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The Mississauga Suzuki car dealership in Mississauga, March 26, 2013. Suzuki announced that it will be abandoning the Canadian car market after the 2014 model year.

J.P. Moczulski/The Globe and Mail

Suzuki Canada Inc. will end its 30-year run of selling vehicles in Canada next year, the final withdrawal of Suzuki Motor Corp. from markets it once thought so important that it manufactured vehicles here.

The trigger for Suzuki's move out of Canada – although it will still sell motorcycles, all-terrain vehicles and marine products – was the U.S. Chapter 11 bankruptcy filing by its sister company, American Suzuki Motor Corp., last November.

Suzuki will join Pontiac, Saturn, Hummer, Mercury, Plymouth and Daewoo on the list of brands that have disappeared from new-car lots in recent years. Its demise is likely to give a modest boost to other Asian manufacturers such as Hyundai and Toyota.

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It is all but impossible for auto makers to sell vehicles only in Canada because this market represents only 10 per cent of U.S. sales and is simply not large enough for global auto makers to sustain operations on a go-it-alone basis.

The revenue from selling about 5,500 vehicles, as Suzuki did in Canada last year, do not come close to covering the costs of designing and developing vehicles for a market this size, along with meeting regulatory requirements that are different than those of the company's other large markets such as Japan and India.

It was only a matter of time after the American Suzuki filing that the company would halt sales in Canada, industry analysts and officials said Tuesday.

"This was expected," said Dennis DesRosiers, president of DesRosiers Automotive Consultants.

The auto maker will sell vehicles through the 2014 model year, it said in a statement Tuesday.

Japan-based Suzuki Motor and its Canadian unit have been assessing conditions in the Canadian market since November.

"After reviewing the long-term viability of automotive production for Canada, [Suzuki Canada] concluded that it was no longer feasible for it to produce automobiles for distribution and sale in the Canadian market," the company said.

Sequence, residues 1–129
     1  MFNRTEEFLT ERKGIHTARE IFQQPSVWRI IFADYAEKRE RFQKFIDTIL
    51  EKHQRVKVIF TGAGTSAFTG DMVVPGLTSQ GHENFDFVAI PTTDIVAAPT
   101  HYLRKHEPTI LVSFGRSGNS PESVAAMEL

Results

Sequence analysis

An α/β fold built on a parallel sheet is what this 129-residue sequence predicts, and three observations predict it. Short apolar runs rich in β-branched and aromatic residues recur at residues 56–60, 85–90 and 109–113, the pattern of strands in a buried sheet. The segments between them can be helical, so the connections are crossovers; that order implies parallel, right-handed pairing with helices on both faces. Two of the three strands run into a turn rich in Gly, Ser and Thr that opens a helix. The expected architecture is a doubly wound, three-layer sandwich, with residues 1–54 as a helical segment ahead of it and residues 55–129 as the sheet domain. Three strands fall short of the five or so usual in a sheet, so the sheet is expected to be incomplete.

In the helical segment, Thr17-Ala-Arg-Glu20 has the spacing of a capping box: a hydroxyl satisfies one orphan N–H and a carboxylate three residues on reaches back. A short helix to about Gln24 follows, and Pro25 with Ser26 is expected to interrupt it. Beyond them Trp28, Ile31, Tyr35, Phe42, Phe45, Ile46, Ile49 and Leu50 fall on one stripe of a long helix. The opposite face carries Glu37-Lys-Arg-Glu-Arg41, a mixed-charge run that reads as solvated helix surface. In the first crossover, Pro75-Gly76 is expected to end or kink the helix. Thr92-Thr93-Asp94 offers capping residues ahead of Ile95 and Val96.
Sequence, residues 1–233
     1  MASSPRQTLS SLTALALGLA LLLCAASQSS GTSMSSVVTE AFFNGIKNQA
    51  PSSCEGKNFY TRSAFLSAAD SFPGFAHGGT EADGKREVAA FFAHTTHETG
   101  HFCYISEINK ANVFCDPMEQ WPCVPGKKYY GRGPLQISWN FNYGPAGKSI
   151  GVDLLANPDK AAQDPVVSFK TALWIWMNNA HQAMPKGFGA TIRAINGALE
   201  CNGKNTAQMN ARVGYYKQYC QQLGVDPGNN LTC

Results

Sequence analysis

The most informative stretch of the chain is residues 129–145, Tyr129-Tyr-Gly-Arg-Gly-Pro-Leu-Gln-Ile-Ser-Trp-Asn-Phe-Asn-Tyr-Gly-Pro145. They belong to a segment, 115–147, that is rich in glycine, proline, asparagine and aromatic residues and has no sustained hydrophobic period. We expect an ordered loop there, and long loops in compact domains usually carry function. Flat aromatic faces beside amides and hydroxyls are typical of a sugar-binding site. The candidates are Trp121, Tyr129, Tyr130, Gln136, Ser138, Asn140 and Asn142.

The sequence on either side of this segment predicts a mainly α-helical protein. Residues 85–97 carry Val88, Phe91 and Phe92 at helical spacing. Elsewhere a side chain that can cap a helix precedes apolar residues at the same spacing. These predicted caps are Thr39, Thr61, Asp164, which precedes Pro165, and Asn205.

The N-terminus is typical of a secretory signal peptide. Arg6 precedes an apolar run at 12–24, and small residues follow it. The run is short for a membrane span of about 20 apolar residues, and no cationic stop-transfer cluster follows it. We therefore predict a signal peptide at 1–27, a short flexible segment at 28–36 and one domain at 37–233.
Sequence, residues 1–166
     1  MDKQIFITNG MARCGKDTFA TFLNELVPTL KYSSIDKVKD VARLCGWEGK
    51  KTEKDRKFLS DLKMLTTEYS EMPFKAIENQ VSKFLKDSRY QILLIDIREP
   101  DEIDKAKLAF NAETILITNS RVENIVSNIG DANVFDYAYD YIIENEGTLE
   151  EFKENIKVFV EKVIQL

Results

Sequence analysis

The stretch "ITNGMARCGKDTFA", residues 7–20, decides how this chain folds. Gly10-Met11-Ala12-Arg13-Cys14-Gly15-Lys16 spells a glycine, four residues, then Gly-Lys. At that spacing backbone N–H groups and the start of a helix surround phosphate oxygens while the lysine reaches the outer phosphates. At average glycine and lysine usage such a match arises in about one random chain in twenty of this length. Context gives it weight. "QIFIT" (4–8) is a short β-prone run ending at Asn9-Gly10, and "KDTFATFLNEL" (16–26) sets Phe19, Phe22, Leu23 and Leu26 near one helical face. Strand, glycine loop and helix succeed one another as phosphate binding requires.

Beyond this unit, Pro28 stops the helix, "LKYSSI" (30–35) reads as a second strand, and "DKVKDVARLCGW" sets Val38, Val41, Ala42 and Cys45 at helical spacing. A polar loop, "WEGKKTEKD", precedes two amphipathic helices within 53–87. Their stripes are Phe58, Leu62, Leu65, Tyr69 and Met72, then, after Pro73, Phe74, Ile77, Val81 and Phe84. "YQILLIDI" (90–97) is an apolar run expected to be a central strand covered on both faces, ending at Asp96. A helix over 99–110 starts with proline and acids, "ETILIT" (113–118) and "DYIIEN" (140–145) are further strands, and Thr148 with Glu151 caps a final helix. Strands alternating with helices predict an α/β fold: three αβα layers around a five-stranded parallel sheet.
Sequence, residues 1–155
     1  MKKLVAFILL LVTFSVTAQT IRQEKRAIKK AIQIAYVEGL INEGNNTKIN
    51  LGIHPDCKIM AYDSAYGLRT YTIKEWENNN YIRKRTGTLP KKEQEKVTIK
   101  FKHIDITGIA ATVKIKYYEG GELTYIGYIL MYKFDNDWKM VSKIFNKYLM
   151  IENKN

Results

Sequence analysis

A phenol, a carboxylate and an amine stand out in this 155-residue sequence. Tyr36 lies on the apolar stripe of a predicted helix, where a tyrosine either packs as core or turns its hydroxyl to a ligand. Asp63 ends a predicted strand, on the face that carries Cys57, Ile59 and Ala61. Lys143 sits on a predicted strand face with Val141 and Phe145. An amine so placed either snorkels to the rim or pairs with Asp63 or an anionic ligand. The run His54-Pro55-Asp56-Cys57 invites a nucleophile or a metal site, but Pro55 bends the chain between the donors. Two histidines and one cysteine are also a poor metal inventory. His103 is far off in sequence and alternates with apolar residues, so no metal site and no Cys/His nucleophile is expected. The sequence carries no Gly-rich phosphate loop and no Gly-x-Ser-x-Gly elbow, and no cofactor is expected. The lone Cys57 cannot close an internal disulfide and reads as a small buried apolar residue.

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The company's sales in Canada hit a peak in 1989, the same year the Cami Automotive Inc. assembly plant opened in Ingersoll, Ont., as a joint venture between Suzuki and General Motors of Canada Ltd.

Sales fluctuated after that, but never came close to the 15,000 level again. Suzuki halted production of its vehicles at the plant in 2009 and sold its stake in the facility to GM later that year.

Sales hit 5,458 last year, but fell 30 per cent in the first two months of 2013 – to 534 from 760 in the first two months of 2012.

"Suzuki sales have been slowing down for the past few years," said Glen Alizadeh, who owns Suzuki of Brampton, in Brampton, Ont., one of 55 dealerships in Canada.

"Suzuki is a strong company worldwide," Mr. Alizadeh said, but "their share in North America was so small that they weren't making money in North America so they made a business decision."

He owns 13 dealerships in the Greater Toronto Area, but said the Suzuki store has been focusing on used car sales in recent years as new car sales declined and will continue to do so.

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Suzuki Canada said it is not entering into a court-supervised restructuring. The supply of new vehicles to the U.S. market has ended and operations are being wound up.

All vehicle warranties will be honoured and parts and service will continue to be provided even after new vehicle sales stop after the 2014 model year.

Dealers will be given 12 months to make the transition to providers of warranty and service operations.

The Cami plant in Ingersoll is now one of the jewels in the GM crown. It produced the second-highest number of vehicles of all GM's North American plants and is producing the Chevrolet Equinox and GMC Terrain crossovers, which are among the hottest vehicles in the auto maker's lineup.

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About the Author
Auto and Steel Industry Reporter

Greg Keenan has covered the automotive and steel industries for The Globe and Mail since 1995. He also writes about broader manufacturing trends. He is a graduate of the University of Toronto and of the University of Western Ontario School of Journalism. More

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